Jim Williams has been watching birds and writing about their antics since before "Gilligan's Island" went into reruns. Join him for his unique insights, his everyday adventures and an open conversation about the birds in your back yard and beyond.
natureisspeaking.org -- a series of brief videos that make this point: Nature doesn't need us. We need nature. Intent on our own destruction, the videos suggest we work hard to avoid what on most days seems inevitable. Very well done. Take a look, then forward to someone who thinks we own the earth.
The Birding Community eBullletin for October can be read at
It's not about glass. It's about the roasting pan.
Ortolans are birds in the bunting family, found in northern Europe. In France they are regarded as a culinary delicacy, consumed head, bones, all in one mouthful. Hunting Ortolans, however has been illegal since 1999. Now, French chefs are asking for one weekend a year when they can legally serve Ortolans. Birders are protesting. Ortolans are trapped by poachers as the birds migrate from Europe to Africa. The birds,weighing less than an ounce, are prized for their fat. Captured, they are kept in darkness for three weeks, and sometimes blinded, according to a story in today’s “New York Times.” The birds are fattened on millet and grapes. When the bird has tripled its fat, it is “drowned with Armagnac, plucked, roasted, and served hot in its entirety.”
The decision on one legal weekend is pending.
I’ve been in touch by email with an architect in New York City, partner in a large firm there, who has an interest in the Vikings stadium under construction because she believes strongly in bird-safe buildings. She gave me links to web pages that contained information new to me, which doesn't mean it's new.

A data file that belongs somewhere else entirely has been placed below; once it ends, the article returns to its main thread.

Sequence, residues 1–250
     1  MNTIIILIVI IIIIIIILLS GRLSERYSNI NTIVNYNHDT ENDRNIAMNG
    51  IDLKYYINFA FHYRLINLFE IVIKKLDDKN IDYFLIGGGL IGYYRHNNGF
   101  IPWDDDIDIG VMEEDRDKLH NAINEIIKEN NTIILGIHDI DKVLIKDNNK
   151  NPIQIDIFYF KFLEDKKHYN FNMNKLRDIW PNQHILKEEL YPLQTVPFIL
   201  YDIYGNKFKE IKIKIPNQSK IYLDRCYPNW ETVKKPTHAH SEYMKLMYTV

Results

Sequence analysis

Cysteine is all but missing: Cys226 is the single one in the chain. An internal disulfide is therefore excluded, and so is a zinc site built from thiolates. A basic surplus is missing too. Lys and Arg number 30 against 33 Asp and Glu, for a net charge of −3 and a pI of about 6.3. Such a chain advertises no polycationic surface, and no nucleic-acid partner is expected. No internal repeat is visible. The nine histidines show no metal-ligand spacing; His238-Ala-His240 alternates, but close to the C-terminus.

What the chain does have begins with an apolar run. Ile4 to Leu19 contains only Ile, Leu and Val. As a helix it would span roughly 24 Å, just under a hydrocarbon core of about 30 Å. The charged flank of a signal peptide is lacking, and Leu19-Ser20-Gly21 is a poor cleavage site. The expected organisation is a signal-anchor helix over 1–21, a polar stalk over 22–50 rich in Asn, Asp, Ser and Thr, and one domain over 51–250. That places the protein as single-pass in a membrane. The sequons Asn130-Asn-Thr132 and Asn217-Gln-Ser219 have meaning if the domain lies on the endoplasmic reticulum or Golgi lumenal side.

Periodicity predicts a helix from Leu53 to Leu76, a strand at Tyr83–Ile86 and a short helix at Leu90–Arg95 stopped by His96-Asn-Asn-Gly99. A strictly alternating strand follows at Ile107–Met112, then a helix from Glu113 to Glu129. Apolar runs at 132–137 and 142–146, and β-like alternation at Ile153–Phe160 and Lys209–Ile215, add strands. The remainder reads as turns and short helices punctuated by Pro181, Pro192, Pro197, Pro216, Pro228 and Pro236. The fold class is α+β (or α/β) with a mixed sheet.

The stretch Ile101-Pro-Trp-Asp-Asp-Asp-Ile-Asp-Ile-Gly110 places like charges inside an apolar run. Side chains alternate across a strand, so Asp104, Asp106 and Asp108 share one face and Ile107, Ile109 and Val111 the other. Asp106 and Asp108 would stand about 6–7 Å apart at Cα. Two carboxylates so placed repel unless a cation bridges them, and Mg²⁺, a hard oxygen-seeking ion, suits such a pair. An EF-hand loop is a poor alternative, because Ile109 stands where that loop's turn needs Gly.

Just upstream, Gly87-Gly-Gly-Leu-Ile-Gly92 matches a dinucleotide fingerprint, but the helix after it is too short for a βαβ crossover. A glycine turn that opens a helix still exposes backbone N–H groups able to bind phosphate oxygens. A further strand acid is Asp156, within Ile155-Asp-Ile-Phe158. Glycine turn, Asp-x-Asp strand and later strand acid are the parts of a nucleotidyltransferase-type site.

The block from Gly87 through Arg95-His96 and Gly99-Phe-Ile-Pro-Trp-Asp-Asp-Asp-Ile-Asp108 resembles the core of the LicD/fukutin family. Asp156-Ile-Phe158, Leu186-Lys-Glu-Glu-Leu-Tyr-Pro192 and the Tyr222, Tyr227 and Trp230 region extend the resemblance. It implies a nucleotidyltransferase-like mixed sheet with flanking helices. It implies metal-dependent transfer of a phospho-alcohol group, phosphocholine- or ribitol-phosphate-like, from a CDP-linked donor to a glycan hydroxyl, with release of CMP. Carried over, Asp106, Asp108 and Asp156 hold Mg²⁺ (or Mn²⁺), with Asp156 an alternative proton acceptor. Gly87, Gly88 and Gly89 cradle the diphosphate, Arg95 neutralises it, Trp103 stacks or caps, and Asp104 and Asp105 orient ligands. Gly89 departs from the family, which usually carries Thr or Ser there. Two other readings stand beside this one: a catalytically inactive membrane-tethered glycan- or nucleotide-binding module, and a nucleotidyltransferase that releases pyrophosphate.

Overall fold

One of the links was to the Minneapolis daily business newspaper “Finance and Commerce.” In late April it carried an excellent article by Frank Jossi that answers a couple of my questions. I also received information from the Minnesota Sports Facilities Authority.
I learned that 60 percent of the stadium roof will be made of a partly transparent building material known at ETFE (ethylene tetrafluoroethylene, a fluorine-based polymer). It comes in very thin sheets that will be used to form what you might call pillows, inflated by air pressure (but not subject to the puncture failure and collapse we saw at the old stadium).
Jossi explained that the stadium will have glass 20-feet-wide at the top of its exterior walls, just beneath the ETFE roof. And there is the 200-foot-wide wall of glass on the stadium’s west side that is causing concern among birders. Maybe the 20-foot surround is regarded as a problem, too; I’ve not heard it mentioned in particular. But it is glass, and it does reflect.
The figure commonly used for the amount of glass on the stadium’s exterior is 200,000 square feet. Actually, and this is the question the authority did answer, the amount is 180,000, not that that makes much difference.
There will be some pattern to the ETFE roofing material. It lets sunlight pass; that could cause a serious heat problem, a greenhouse effect. The material will contain two dot-matrix patterns, Jossi wrote, to block some sunlight and heat. Birders wish such patterns would be incorporated in the glass, to lessen reflection.
The refusal by the Minnesota Sports Facility Authority and the Minnesota Vikings to use bird-safe glass in the stadium now under construction drew an estimated 200 persons to a protest rally Saturday afternoon. Birders gathered across the street from the stadium site to hear speakers, and wave banners and signs. They want the stadium's huge signature "window" which will cover the end of the stadium facing downtown to be made of glass which does not reflect what is in front of it. Those reflections visually continue the natural world as birds see it, causing them to attempt to fly through. Most birds colliding with windows die. Below, author Laura Erickson from Duluth speaks to the crowd, which gathered in front of the construction site.
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